The former Nihilist-in-Chief liked to say, "Change is good," but even Bill Clinton would have drawn the line at the shenanigans by the makers of that national institution, Hellman's Mayonnaise.
It’s a dark day in the world of mayonnaise. Companies are faced all the time with the dilemma: Raise the price or cut the amount? Sometimes they choose one, and sometimes the other, but never both! Or so it was until now, with the folks at Hellman’s Mayonnaise.
A few days ago, I went shopping, and one of the “food groups” we were out of was mayonnaise. As it was for my mom, and earlier for her mom, in my home, “mayonnaise” is synonymous with “Hellman’s.”
For years, excepting for sales, I’ve bought Hellman’s one 32 oz. jar at a time at the local Waldbaum’s. And for a few years now, that 32 oz. bottle has sold for $3.33. Due to Waldbaum’s greed, I’ve never bought the 48 oz. jar. Whenever I checked the big jar, it would always sell for $4.99, the same per ounce price as the smaller jar, meaning that Waldbaum’s makes a bigger profit, while my brood is left with mayonnaise in greater danger of spoiling, before we finish it. Waldbaum’s apparently banks on shoppers not doing the math.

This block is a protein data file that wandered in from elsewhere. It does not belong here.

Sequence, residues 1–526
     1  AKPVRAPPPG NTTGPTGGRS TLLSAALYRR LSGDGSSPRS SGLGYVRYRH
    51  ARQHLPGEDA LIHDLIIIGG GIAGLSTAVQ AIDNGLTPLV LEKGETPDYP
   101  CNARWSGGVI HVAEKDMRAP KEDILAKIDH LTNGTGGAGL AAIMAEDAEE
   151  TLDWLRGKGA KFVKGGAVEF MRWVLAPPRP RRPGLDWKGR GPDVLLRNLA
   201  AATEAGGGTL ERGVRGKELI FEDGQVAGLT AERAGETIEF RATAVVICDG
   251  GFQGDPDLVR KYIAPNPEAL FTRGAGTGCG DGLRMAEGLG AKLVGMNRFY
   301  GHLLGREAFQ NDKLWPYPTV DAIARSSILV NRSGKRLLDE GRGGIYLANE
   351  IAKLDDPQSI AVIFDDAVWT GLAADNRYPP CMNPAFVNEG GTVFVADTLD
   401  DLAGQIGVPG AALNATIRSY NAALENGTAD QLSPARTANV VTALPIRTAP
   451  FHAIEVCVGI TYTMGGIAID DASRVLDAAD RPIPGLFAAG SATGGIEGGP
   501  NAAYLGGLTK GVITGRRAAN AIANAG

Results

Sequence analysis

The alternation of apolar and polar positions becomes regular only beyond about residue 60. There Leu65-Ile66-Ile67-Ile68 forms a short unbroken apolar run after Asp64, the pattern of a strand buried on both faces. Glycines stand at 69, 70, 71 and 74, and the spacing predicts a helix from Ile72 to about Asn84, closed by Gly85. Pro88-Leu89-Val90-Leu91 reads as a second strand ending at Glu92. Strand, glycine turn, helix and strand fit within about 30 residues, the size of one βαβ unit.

The last time I’d bought Hellman’s, it was on sale, either “buy one, get one free,” or for $2 each, as a promotion for the new canola oil-based mayo, which also contains the oils “omega 6 and omega 3 ALA” lalala.
Granted, I didn’t notice then whether they’d switched the bottles. In any event, the difference between raising the price 26 cents on a 32 oz. jar and raising it the same amount, while cutting two ounces out of the jar, is the difference between a 7.8 percent, and a 15 percent price hike.
Some readers will doubtless say, “You’re complaining about a lousy 15 percent price hike, after all this time? You have too much free time on your hands.”
First of all, anyone who says that a writer has too much time on his hands, had better keep all the mirrors covered. At least the writer is doing what he thinks is important. But his critic is wasting his time on what he claims is worthless. (Pre-emptive strikes are not only permitted in writing, they are practically required.)
Besides, 15 percent is only the beginning. Sufficiently emboldened, the folks at Hellman’s parent company, Unilever, might next take a page from Coca-Cola’s playbook, and reduce the jar size yet again, to 24 ounces. If Unilever did that while maintaining the same price, it would constitute a 25 percent per ounce price increase (from 11.97 to 14.96 cents). But Unilever would be sorely tempted to again raise the price, as well. (Perhaps they’d re-run the sort of promotion for the first new bottles, that they did with the new canola mayo, before raising the price.) If Unilever raised the price to, say, $3.99 for a 24-ounce jar, that would constitute a 38.6 percent price hike over $3.59 for 30 ounces. Let the cynics laugh that one off!
Don’t say you weren’t warned.